The African elephant has been “upgraded” to “near threatened from the bleaker “vulnerable” list. And that’s about the rosiest take from the World Conservation Congress in Barcelona, where the annual Red List oof Endangered Species was announced. The grabber this year is that one in four mammals is threatened due to habitat loss, hunting, and global warming.
The Congress also issued the reminder of why 2008 has been called the Year of the Frog and why Amphibian Ark was created: at least one-third (most say up to one-half) of amphibian species could go extinct in our lifetime unless emergency measures are taken. Here’s the excerpt from The New York Times:
“Although 5 percent of mammals are recovering, what we observe are rates of habitat loss and hunting in Southeast Asia, Central Africa and Central and South America that are so serious that the overall rate of decline has steadily increased during the past decade,” Mr. Schipper said.
Amphibians, too, are facing an extinction crisis, with at least 33 percent either threatened or extinct, the I.U.C.N. reported.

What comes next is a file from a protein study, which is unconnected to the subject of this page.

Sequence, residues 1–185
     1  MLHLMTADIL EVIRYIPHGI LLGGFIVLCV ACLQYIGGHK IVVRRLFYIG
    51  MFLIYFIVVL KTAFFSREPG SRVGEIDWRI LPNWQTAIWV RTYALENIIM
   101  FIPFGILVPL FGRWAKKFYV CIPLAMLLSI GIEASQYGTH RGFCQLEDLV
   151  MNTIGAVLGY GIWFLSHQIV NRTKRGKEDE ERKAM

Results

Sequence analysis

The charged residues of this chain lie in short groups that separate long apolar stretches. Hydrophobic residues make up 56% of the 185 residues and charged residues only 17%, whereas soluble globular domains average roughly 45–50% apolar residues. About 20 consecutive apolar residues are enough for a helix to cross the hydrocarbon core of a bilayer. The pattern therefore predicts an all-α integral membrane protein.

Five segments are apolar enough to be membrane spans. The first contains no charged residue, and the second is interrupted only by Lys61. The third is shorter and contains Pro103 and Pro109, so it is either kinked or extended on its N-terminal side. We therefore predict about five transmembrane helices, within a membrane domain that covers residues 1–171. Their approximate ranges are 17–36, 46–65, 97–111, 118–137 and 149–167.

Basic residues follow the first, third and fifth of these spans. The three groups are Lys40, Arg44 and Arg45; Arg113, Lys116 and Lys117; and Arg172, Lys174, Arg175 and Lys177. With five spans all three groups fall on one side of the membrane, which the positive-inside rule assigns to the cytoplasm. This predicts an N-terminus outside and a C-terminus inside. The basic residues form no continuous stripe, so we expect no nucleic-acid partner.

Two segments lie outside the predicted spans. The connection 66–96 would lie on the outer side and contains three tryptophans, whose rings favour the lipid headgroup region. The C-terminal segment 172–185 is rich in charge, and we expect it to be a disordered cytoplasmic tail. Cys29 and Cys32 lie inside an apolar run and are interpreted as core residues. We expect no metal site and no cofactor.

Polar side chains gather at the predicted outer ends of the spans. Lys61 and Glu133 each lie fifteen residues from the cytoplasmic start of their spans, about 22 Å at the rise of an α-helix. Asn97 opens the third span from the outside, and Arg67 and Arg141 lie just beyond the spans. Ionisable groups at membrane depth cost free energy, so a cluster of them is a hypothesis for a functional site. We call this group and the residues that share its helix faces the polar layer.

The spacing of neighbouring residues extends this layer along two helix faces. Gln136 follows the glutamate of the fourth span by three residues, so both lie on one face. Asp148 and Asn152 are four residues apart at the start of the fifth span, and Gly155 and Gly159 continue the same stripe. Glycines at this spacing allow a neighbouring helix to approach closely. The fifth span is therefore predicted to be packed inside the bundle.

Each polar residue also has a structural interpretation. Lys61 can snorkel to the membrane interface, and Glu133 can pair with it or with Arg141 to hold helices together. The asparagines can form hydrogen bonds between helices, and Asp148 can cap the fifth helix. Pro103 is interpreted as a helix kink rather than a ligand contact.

Holdridge’s toad, found only in Costa Rica, was declared extinct. The Cuban crocodile, illegally hunted for its meat and skin, was moved to the critically endangered category.
Making the list for the first time were Indian tarantulas, highly prized by collectors and threatened by the international pet trade. The Rameshwaram parachute spider, whose habitat has been eroded by new roads, was found to be critically endangered. The spiders’ “natural habitat has been almost completely destroyed,” the group said.
Not every part of the report was bleak. The African elephant was removed from the vulnerable list and was listed as “near threatened,” although its status varied depending on location. The I.U.C.N. said increases in the population of the elephants in southern and eastern Africa were big enough to offset any decreases taking place elsewhere.